Liberal senator Cory Bernardi has insisted cabinet reject Kevin Rudd’s bid to become secretary-general of the United Nations, saying any nomination would validate his “disastrous” reign as prime minister.

The Coalition is expected to support Mr Rudd’s nomination  for the position without officially campaigning for his appointment, in a nuanced position designed to appease conservatives within government ranks.

Senator Bernardi today rejected that compromise, saying the Coalition could not “in good conscience” support Mr Rudd knowing that he was not “fit” for the top role in global diplomacy.

“Some claim that supporting his nomination is no endorsement for the role but it would be hard to see it as anything other than a validation of his disastrous national stewardship,” he wrote in his weekly newsletter to supporters.

“While Rudd is unlikely to win the position, how in good conscience, having lived through the Rudd leadership and destabilisation, can any of us suggest he is fit for the role he seeks?”

Senator Bernardi rejected the “parochial” argument that Australia must support any Australian for any position, fearing it would damage our international reputation.

He also rejected suggestions Mr Rudd could be no better than other “unworthies” selected to fill UN posts, saying Australia should not “abandon reason and suspend critical judgment simply because others do”.

“The world is in a difficult state. We face almost unprecedented levels of global debt, terrorism, social dislocation and a crisis of confidence in government. Whatever its failings (and there are many), the UN attempts to resolve some of those problems and needs the best possible leadership,” he wrote.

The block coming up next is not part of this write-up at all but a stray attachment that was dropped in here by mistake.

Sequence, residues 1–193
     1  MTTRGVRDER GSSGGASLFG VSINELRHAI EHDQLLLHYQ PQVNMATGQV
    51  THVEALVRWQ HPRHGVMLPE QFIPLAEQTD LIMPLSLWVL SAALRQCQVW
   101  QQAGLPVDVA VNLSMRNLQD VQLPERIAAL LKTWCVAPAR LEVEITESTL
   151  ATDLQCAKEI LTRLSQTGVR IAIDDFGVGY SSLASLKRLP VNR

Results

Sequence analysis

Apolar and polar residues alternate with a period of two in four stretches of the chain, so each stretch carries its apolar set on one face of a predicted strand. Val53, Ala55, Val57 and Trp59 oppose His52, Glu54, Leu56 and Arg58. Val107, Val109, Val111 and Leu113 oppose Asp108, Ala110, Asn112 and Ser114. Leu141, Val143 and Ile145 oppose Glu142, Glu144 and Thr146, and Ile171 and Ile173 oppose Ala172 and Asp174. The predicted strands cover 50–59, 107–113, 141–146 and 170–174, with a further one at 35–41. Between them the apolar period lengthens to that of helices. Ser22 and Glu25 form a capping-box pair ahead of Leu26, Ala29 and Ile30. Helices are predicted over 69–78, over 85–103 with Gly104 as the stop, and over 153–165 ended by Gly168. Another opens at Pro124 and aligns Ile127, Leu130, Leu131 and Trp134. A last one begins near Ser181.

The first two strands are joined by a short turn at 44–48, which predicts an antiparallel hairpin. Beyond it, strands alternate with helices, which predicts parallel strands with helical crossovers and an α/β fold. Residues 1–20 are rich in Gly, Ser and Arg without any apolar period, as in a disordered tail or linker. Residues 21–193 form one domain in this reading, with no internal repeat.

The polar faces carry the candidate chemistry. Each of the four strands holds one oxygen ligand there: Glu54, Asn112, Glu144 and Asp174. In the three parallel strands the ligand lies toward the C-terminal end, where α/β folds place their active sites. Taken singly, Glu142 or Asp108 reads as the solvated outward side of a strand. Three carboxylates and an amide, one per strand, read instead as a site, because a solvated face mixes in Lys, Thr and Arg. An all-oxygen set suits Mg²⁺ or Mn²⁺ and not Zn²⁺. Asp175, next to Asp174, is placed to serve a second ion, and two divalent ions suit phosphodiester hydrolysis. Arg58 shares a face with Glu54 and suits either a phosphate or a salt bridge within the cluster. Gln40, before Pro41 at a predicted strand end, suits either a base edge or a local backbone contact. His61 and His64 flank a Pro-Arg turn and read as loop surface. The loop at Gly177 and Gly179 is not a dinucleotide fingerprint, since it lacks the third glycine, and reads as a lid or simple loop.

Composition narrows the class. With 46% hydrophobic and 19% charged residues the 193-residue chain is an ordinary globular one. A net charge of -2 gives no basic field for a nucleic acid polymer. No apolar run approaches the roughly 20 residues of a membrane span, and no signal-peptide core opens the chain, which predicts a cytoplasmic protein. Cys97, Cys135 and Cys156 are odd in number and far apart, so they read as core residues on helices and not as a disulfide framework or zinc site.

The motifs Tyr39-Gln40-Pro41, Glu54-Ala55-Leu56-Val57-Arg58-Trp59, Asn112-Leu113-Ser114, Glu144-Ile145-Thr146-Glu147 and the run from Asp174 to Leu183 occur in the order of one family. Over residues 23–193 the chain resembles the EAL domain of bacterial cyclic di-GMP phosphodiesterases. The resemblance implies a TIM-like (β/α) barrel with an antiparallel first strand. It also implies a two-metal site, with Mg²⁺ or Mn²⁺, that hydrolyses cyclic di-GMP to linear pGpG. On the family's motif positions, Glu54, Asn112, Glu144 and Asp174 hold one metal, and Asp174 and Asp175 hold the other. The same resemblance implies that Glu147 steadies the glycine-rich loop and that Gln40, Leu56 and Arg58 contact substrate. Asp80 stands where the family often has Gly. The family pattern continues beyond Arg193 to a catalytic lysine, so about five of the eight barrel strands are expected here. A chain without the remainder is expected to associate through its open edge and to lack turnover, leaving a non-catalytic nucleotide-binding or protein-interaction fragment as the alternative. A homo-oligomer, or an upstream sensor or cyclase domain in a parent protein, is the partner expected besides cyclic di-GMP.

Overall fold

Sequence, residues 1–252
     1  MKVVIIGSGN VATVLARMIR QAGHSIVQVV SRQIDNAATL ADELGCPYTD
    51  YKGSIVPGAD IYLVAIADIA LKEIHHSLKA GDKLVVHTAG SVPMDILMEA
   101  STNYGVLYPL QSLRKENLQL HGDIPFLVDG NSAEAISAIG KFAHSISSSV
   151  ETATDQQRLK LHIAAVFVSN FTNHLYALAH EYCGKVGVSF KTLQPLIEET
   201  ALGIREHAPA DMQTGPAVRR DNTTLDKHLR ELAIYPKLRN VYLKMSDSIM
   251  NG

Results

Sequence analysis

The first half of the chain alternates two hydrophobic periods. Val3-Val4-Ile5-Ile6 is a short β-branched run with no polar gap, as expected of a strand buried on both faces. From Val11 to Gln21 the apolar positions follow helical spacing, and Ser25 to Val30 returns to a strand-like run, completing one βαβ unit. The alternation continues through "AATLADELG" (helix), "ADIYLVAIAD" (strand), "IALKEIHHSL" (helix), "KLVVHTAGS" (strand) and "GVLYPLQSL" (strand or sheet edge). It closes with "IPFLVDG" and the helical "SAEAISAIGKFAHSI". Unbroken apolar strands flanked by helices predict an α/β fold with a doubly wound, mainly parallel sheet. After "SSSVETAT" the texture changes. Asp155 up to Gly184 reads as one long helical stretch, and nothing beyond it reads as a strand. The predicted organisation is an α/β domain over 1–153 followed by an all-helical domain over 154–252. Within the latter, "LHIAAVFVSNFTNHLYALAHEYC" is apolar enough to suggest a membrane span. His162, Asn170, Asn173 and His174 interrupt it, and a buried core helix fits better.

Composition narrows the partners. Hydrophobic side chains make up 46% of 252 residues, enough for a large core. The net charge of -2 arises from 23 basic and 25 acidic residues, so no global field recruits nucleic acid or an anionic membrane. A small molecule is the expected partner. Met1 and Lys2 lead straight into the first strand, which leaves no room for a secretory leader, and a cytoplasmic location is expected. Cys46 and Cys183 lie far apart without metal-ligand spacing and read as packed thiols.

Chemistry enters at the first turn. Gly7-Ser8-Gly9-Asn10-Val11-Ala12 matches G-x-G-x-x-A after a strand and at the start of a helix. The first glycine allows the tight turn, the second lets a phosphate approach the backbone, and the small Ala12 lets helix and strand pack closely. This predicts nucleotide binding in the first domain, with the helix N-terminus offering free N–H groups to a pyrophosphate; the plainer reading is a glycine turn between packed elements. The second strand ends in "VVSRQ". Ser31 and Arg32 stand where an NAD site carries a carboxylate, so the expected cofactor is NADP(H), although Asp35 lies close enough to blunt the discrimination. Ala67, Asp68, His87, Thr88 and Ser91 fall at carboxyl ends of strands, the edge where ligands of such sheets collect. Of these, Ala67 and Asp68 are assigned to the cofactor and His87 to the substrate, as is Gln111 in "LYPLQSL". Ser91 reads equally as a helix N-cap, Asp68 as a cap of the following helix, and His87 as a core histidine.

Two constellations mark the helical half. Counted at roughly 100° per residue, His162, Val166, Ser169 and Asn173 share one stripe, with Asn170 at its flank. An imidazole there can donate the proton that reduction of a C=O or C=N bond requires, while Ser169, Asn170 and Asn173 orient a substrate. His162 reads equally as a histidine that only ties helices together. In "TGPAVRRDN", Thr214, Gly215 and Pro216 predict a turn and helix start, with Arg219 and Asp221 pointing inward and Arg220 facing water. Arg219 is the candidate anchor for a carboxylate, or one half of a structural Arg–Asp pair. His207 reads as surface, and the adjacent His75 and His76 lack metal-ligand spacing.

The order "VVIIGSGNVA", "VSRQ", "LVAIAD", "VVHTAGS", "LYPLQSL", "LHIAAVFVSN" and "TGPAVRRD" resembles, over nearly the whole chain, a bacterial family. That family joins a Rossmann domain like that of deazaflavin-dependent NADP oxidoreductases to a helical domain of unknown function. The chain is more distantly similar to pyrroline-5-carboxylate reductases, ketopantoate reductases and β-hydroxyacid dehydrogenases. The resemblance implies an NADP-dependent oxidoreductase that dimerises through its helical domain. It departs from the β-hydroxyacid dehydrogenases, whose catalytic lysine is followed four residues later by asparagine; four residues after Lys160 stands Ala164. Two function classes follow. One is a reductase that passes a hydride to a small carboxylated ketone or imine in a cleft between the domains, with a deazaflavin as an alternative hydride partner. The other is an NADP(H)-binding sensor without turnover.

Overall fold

“Why would we make their job any more difficult by throwing Kevin Rudd into that mix?”

However, Mr Rudd has received the backing of former Liberal Leader Brendan Nelson in his mission to become UN Secretary General with his old political rival today declaring Mr Rudd was made for the job.

Dr Nelson – now the Director of the Australian War Memorial — said Mr Rudd was “stunningly brilliant” in his grasp of foreign affairs and urged people to overcome their prejudices or personal dislike for the man and back in an Australian UN Secretary General.

Speaking at the National Press Club in Canberra, Dr Nelson said Mr Rudd’s elevation to the role as Ban Ki-moon’s successor would make him proud as an Australian and argued he would exceed people’s expectations.

Reflecting on his time as Opposition Leader, Dr Nelson said he often quipped that the former Labor Prime Minister had a plan for the world while lacking one for Australia.

“I could spend quite a lot of time having a discussion with you about Mr Rudd’s failings, but I think this is an occasion where we need to be at our best as Australians,” Dr Nelson said. “This is a team Australia event. Some people are tailor made for some jobs… And I think Kevin Rudd’s made for this job.”

“I can tell you that as Australia’s ambassador to NATO, on one of his visits to Brussels as Foreign Minister, I took Kevin Rudd to the North Atlantic Council. He spoke to the heads of the military of the 28 NATO countries, the permanent representatives and senior political figures of those member countries… He wasn’t good. He was stunningly brilliant.”

Dr Nelson said Mr Rudd had a natural instinct and skill for diplomacy that would be the “envy of anybody that’s ever worked in the diplomatic space.”

Opposition deputy leader Tanya Plibersek yesterday insisted Mr Rudd had served Australia “with distinction” and challenged Malcolm Turnbull to heed his own calls for bipartisanship.

“He is obviously a very strong candidate and the idea that the Australian government for party political reasons would not back his candidacy is incredibly small-minded,” Ms Plibersek said.

“We have a Prime Minister who is out there saying that there should be more bipartisanship in public life — well here is an opportunity to show that bipartisanship.”